So I want to send in the original version by Diane Duane, and my ‘mad-libbed’ version of the same passage, and we’ll see if IWL thinks that the style is different.

So, first, here’s the original passage in the book:

Part of the problem, Nita thought as she tore desperately down Rose Avenue, is that I can’t keep my mouth shut.

She had been running for five minutes now, hopping fences, sliding sideways through hedges, but she was losing her wind. Some ways behind her she could hear Joanne and Glenda and the rest of them pounding along in pursuit, threatening to replace her latest, now-fading black eye. Well, Joanne would come up to her with that new bike, all chrome and siler and gearshift levers and speedometer/odometer and toe clips and water bottle, and ask what she thought of it. So Nita had told her. Actually, she had told Joanne wha she thought of *her*. The bike was all right. In fact, it had been almost exactly the one that Nita had wanted so much for her last birthday – the birthday when she got nothing but clothes.

Life can be really rotten sometimes, Nita thought. She wasn’t really so irritated about that at the moment, however. Running away from a beating was taking up most of her attention.

“Callahan,” came a yell from behind her. “I’m gonna pound you up and mail you home in bottles!”

I wonder how many bottles it’ll take, Nita thought without much humor. She couldn’t afford to laugh. With their bikes, they’d catch up to her pretty quickly. And then…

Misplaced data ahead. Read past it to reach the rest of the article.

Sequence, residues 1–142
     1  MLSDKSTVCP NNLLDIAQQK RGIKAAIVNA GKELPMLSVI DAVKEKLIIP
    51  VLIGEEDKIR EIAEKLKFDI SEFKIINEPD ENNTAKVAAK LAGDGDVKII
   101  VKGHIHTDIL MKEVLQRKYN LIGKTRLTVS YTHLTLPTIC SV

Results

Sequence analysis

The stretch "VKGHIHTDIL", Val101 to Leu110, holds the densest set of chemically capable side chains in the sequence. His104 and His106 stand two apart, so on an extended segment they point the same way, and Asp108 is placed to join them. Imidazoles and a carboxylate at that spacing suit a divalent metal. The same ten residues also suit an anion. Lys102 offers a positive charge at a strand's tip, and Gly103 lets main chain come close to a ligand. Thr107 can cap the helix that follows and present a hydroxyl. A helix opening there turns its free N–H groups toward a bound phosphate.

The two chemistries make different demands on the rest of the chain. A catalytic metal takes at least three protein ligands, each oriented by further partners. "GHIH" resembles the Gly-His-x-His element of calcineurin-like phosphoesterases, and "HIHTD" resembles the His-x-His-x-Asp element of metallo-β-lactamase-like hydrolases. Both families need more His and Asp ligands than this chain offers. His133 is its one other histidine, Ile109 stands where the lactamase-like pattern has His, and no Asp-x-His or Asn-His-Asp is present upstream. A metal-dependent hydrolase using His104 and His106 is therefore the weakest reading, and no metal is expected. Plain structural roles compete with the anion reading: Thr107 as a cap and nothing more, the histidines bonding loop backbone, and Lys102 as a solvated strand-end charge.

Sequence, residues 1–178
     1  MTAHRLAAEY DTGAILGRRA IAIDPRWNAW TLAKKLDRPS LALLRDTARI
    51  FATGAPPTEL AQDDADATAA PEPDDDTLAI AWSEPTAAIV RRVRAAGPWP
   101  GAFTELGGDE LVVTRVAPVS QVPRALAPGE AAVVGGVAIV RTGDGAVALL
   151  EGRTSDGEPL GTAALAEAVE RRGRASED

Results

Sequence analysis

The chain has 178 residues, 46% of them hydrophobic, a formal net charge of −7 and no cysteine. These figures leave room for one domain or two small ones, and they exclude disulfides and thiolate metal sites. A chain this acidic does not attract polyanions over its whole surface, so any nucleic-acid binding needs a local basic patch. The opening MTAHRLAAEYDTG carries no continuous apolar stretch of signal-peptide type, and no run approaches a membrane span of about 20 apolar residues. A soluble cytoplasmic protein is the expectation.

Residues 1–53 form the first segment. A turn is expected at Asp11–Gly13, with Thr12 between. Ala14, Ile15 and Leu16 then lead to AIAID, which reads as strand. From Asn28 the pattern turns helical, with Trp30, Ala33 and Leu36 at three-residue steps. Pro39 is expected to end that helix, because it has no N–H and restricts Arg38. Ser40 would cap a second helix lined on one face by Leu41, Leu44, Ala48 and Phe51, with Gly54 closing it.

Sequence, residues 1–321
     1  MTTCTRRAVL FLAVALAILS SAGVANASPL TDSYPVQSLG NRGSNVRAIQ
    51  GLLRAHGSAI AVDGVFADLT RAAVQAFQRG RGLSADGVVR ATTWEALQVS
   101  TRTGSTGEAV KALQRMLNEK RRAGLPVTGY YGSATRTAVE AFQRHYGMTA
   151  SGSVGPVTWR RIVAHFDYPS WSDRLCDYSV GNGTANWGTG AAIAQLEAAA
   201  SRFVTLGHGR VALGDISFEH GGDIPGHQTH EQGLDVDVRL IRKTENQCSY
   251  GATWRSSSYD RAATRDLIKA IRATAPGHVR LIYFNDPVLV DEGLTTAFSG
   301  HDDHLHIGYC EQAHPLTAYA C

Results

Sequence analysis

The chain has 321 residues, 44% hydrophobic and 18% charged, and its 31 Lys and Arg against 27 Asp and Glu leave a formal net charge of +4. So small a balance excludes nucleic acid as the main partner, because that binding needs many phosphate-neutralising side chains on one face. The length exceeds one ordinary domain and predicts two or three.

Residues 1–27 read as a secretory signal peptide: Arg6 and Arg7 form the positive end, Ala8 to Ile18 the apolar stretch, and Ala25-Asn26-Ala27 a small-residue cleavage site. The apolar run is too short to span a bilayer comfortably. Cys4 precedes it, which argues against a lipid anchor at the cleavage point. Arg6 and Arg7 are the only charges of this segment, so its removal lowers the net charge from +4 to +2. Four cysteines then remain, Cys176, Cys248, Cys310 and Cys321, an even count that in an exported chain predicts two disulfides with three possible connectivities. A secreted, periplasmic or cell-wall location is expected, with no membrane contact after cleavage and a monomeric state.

That comes out as being like: Dan Brown. (I wonder what Diane would think of that comparison?)

Okay, so here’s my attempt to try to change the words to make this into a different scene:

“All of the trouble,” Collin said as he flew quickly up Duke’s Corridor, “is that I won’t leave a take alone.”

He had been climbing for ninety seconds now, watching pings, threading carefully between yachts, and Juno was pushing her all. Two clicks below him Collin could see Zeus and Poseidon and the entirety of the fleet lifting up in formation, seeking to challenge his hard-won, tenuous temporary freedom. But Morgan had walked around the corner with that hard stare, all medals and crisp fabric and stunner/blaster and peaked cap and decorated sash, and demand what he was doing there. So Collin had told him. Really, Collin had told Morgan what he wanted to hear. Morgan had been suspicious. Actually, he had been nearly perfectly a match for Collin and deployed the guards around the perimeter – the perimeter that he nearly hadn’t broken through.

“Crime can get very tricky these days,” Collin mused. He wasn’t exactly so angry about this at the time, though. Flying away from the navy was eating up most of his fuel.

“Rayman,” sounded the hail from his radio. “We’re going to chase you down and blast you into molecules!”

“I know how many molecules we’ll make,” Collin thought without much interest. He couldn’t spare time to calculate. With those engines, they’d overhaul Juno in minutes. And so…

You may notice that I was bending the ‘always the same part of speech’ rule by the end – because I had the story that I wanted to tell, and was willing to bend the rules to get to it. And, drumroll please, IWL says that this passage could have been written by:

Dan Brown again.

Maybe there’s more to this than I thought. Hmm…

If any of my readers try this exercise, or play around with the IWL statistical writing tool, I’d love to hear about it!